With a mesmerizing fusion of artistry, Schumann and Bruckner opens the Tonhalle Orchestra’s new season

SwitzerlandSwitzerland R. Schumann, Bruckner: Kian Soltani (cello), Tonhalle-Orchester Zürich / Paavo Järvi (conductor). Tonhalle, Zurich, 13.9.2023. (VL)

Paavo Järvi conducts cellist Kian Soltani and the Tonhalle-Orchester Zürich © Gaetan Bally

R. Schumann – Cello Concerto in A minor Op.129
Bruckner – Symphony No.9 D minor WAB 109 (original version)

The Tonhalle-Orchester Zürich, under the baton of conductor Paavo Järvi, had two wonderful treasures in store for us concertgoers to open the season. In a remarkable convergence of talent and artistry, they presented Robert Schumann’s Cello Concerto in A minor, Op.129, featuring this year’s Focus Artist, cellist Kian Soltani. His interpretation of the concerto also brought forth his unique Persian heritage, which infuses the piece with added depth and emotional resonance. Soltani’s outstanding playing created a moving experience for the audience. The cello bow seemed to be a mere extension of his arm, his fingers flying over the fingerboard as if it were the most natural thing in the world.

Schumann’s Cello Concerto is a testament to his ability to capture profound emotion and depth within the confines of a classical concerto. Written during a period of creative flourishing in 1850, Schumann composed the concerto in a mere two weeks, and it stands as one of his most enduring and emotionally charged works.

In this concerto, the orchestra and the solo cello engage in a captivating dialogue, creating a harmonious partnership that elevates the piece to new heights. The first movement (Nicht zu schnell) begins with a hauntingly melancholic introduction by the woodwinds, setting a contemplative mood. The solo cello then enters with a main theme of exquisite beauty. Throughout the first movement, the interplay between the cello and the orchestra is masterfully woven, with the orchestra providing rich textures and thematic support.

The second movement (Langsam) acts as a brief respite. It is in this section that the cello’s lyrical and emotive qualities shine most brightly, drawing the audience into the deeply personal world of Schumann’s music by featuring a descending fifth, a gesture used to the same end in his first piano sonata.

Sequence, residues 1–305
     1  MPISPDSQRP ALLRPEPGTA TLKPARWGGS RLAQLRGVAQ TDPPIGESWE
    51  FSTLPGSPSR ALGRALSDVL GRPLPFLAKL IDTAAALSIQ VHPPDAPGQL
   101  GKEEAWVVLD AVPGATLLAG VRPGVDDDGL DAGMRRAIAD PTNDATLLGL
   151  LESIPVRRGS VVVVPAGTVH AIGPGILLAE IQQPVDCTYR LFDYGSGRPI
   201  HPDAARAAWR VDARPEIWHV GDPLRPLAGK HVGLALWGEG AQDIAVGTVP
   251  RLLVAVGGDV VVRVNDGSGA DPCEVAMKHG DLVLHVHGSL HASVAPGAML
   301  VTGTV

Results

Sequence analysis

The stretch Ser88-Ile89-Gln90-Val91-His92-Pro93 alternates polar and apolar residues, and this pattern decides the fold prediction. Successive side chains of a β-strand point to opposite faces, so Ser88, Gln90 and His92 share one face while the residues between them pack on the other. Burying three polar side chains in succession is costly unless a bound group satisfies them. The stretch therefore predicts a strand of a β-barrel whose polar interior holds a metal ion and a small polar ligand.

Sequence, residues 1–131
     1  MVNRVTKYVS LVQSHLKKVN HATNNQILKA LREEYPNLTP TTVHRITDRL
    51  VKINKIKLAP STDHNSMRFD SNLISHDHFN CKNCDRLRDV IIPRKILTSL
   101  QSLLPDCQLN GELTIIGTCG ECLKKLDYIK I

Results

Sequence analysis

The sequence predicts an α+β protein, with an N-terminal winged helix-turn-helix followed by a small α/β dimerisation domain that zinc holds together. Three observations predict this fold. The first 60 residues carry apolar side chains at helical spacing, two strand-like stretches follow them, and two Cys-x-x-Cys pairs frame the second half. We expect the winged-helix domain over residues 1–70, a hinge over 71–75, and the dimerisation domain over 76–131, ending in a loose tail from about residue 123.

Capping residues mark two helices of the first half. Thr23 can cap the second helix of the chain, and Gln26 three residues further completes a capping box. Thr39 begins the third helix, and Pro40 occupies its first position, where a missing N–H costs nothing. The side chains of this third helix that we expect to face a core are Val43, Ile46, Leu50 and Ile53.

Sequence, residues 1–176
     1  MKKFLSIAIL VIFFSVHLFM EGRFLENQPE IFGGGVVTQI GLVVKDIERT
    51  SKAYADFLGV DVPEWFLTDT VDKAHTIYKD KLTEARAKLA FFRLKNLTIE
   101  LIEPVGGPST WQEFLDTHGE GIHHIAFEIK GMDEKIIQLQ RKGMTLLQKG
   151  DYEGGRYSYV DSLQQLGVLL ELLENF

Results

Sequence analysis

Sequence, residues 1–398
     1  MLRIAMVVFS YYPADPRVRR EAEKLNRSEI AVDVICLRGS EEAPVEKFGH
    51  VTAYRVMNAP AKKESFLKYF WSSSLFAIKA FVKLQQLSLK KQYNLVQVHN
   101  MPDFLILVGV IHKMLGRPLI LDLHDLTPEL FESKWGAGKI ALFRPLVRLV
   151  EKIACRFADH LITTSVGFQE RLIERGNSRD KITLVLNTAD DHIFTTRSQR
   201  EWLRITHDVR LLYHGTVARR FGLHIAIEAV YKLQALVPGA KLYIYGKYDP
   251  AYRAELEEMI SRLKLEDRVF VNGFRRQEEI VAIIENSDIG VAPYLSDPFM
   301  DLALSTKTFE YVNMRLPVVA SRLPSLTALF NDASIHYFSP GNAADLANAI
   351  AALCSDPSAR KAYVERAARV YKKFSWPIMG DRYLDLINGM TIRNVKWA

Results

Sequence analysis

The final movement (Sehr lebhaft) is a tour de force of virtuosity, with the solo cello embarking on a journey of rapid runs and soaring leaps. Schumann’s playful intentions are evident, though some have found this movement’s eccentricity to be enigmatic, even suggesting it foreshadowed Schumann’s later struggles with mental health.

Soltani and the Tonhalle-Orchester Zürich delivered an extraordinary performance that breathed new life into Schumann’s Cello Concerto. Their collaboration was a masterful demonstration of emotion and a seamless combination of artistries, showcasing the beauty of the concerto’s interplay between soloist and orchestra. The audience was treated to an unforgettable musical experience.

After Soltani’s last bow stroke and the last note of the orchestra, the musicians and their conductor were rewarded with thunderous applause for an extraordinarily successful performance. Then came the soloist’s encore: Soltani announced another work by Schumann, Abendlied, thus giving emphasis to his special admiration for this composer.

The second part of the evening was dedicated to Bruckner’s Ninth Symphony. It can be seen as a testament to the composer’s mastery of orchestration and his ability to create vast, immersive soundscapes. Bruckner composed the symphony with a foreboding of death, and that is how it was to turn out: it remained incomplete at the time of Bruckner’s passing.

The Tonhalle-Orchester Zürich took on the monumental task of presenting this symphony to the audience, offering a rendition of the three completed movements that provides a glimpse into Bruckner’s genius.

Järvi’s interpretation of the symphony was marked by a deep understanding of Bruckner’s unique harmonic language and his ability to build tension and release it with dramatic flair. Järvi himself is an avowed Bruckner admirer – so the symphony was recorded during the concert, as part of the Bruckner cycle that the Tonhalle-Orchester Zürich is currently recording. Eagerly awaiting this particular Bruckner, looking at the numerous microphones hanging from the ceiling of the large hall, we were sitting almost spellbound in anticipation of the first notes of the orchestra.

The first movement (Feierlich, misterioso) with its expansive themes, demonstrated the orchestra’s ability to convey the full emotional spectrum of Bruckner’s music. The commitment of the musicians to Bruckner’s vision was evident in every note, as they guided the audience through the symphonic landscape with skill and sensitivity.

The Scherzo: Bewegt, lebhaft – Trio: Schnell second movement was lively and rhythmic bringing a sense of dynamism and contrast to the symphony. Here, the orchestra demonstrated its versatility, navigating the intricate rhythms and melodic fragments with energy and precision. The musicians, under Järvi’s direction, brought a sense of urgency and drive to this movement.

The third movement, a solemn and introspective Adagio: Langsam, feierlich, allowed the orchestra to shine in its ability to convey deep introspection and emotional depth. The orchestra’s performance captured the profound melancholy that permeates this movement, creating a moving and immersive experience for the audience.

The Tonhalle-Orchester Zürich and Music Director Paavo Järvi made a brilliant start to the season and gave an insight into what we can expect from it. I for one am very excited about the next concert – the tickets are already booked.

Valérie Litz

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